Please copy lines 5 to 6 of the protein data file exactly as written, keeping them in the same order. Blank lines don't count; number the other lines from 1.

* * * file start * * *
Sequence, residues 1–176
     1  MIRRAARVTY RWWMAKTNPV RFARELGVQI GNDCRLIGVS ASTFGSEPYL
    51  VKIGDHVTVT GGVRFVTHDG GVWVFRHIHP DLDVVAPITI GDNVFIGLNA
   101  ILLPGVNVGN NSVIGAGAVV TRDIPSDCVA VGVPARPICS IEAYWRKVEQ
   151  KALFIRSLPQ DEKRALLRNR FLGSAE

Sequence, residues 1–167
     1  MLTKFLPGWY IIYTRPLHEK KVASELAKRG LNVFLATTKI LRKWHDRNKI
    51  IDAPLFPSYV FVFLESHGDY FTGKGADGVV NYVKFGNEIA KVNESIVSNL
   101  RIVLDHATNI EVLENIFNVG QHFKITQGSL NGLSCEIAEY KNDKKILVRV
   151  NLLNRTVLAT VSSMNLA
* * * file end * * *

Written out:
   151  KALFIRSLPQ DEKRALLRNR FLGSAE

Sequence, residues 1–167